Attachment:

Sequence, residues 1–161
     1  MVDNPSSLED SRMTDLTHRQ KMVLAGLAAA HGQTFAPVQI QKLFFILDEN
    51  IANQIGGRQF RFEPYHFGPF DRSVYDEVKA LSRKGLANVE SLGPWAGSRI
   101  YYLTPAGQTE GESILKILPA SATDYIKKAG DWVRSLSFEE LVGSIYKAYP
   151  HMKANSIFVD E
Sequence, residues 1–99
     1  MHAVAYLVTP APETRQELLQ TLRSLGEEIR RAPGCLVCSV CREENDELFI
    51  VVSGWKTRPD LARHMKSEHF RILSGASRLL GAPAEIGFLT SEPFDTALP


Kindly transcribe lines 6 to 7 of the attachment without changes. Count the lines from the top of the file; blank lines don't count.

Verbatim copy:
Sequence, residues 1–99
     1  MHAVAYLVTP APETRQELLQ TLRSLGEEIR RAPGCLVCSV CREENDELFI